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Status of Detained Christians in Saudi Arabia Remains Uncertain

More than a week after 40 Christians were arrested in the strict Islamic kingdom of Saudi Arabia, conflicting reports about the status of the detained Christians have resulted only in uncertainty.

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By Kenneth Chan, Christian Post Editor
May 3, 2005|6:46 am

More than a week after 40 Christians were arrested in the strict Islamic kingdom of Saudi Arabia, conflicting reports about the status of the detained Christians have resulted only in uncertainty.

"We don't know for sure" if the Pakistanis have been released, said Nina Shea, the director of the Center for Religious Freedom of Freedom House.

According to the New York Sun, Saudi state-controlled newspapers reported on Apr. 23 that security forces rounded up 40 men, women, and children of Pakistani citizenship who had been worshipping at an abandoned villa in western Riyadh. Translations, the New York Sun said, were provided by American-based Saudi monitors.

Recently, the Saudi Institute of Washington provided a quote taken from the Al-Riyadl newspaper. The newspaper had apparently quoted a security official as saying that the Christians were arrested for "trying to spread their poisonous religious beliefs to others through the distribution of books and pamphlets."

The Sun also reported that the arrests occurred just hours before Saudi Arabia’s Crown Prince Abdullah declared that "tolerance must extend to those of all faiths and practices" while visiting President Bush's ranch in Crawford, TX.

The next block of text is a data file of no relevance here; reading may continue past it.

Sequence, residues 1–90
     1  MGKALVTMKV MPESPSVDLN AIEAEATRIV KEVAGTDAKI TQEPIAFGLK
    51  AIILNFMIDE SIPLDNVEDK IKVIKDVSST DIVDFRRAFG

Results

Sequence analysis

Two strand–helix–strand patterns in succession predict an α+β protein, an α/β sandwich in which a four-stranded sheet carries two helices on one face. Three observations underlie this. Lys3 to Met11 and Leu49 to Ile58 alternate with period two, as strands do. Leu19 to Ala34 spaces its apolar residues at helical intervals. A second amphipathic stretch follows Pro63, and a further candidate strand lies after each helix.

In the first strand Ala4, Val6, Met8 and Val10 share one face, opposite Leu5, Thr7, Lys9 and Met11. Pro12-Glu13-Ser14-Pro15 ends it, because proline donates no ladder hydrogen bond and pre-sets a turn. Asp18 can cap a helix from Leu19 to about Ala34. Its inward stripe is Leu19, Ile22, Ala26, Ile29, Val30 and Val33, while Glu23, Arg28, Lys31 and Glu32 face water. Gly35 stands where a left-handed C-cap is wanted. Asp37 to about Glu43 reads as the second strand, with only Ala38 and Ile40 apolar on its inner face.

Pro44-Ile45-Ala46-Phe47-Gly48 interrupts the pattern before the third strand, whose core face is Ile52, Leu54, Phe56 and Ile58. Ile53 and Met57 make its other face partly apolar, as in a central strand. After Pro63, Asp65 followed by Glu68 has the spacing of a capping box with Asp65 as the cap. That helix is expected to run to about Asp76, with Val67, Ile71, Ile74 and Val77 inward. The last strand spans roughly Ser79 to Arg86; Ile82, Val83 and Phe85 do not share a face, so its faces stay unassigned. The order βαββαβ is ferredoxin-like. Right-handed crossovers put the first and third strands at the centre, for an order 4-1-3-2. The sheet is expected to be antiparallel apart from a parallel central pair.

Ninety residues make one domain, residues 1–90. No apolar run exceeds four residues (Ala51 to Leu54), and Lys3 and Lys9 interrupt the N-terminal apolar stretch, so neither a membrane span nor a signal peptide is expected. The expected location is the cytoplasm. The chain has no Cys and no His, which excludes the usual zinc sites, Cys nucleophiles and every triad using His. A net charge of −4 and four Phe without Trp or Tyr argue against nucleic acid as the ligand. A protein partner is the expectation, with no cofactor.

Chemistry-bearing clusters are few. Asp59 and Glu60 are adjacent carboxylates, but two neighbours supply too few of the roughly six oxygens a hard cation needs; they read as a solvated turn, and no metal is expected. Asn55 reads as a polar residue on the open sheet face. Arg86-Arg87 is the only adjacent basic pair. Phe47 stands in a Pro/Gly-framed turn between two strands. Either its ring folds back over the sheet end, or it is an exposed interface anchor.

The arrests clearly “underscored the gap between Saudi pledges to the White House and its actions at home,” the news agency reported.

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Shea told the Sun, “What they are doing is saying one thing in English and giving another signal to their own people.

“They are saying to the hard-liners at home that nothing is going to change. It's a way of speaking out of both sides of their mouth,” she added.

During last Monday’s talks at the president's ranch, Bush and Abdullah reportedly dicussed about the energy policy and issued a joint declaration in which the Saudis would affirm their commitment to religious tolerance.

"Saudi Arabia reiterates its call on all those who teach and propagate the Islamic faith to adhere strictly to the Islamic message of peace, moderation, and tolerance and reject that which deviates from those principles,” the declaration read, as reported by the Sun. “Both countries agree that this message of peace, moderation, and tolerance must extend to those of all faiths and practices.”

Nonetheless, in a 2004 report on international religious freedom, the U.S. State Department claimed that "freedom of religion does not exist" in Saudi Arabia.

"It is not recognized or protected under the country's laws, and basic religious freedoms are denied to all but those who adhere to the state-sanctioned version of Sunni Islam," the report had stated.

While the government officially allows non-Muslims to practice their religions at home and in private, the report added, authorities often do not respect the law.

As of recent, the Saudi government has also promoted religious intolerance abroad. The Center for Religious Freedom of Freedom House reported in January that pamphlets found in mosques in America bore messages from the Saudi Ministry of Islamic Affairs that Muslims who convert "should be killed."

Human-rights monitors and lawmakers have already criticized the Bush administration for not penalizing the Saudi government after the State Department in September designated the kingdom a "Country of Particular Concern" under the International Religious Freedom Act. The 1998 statue gave the State Department the authority to officially single out "nations guilty of particularly severe violations of religious freedom."

Though the deadline for imposing penalties passed more than a month ago, State Department officials have said they need more time from Congress to decide on an appropriate action to take.

 

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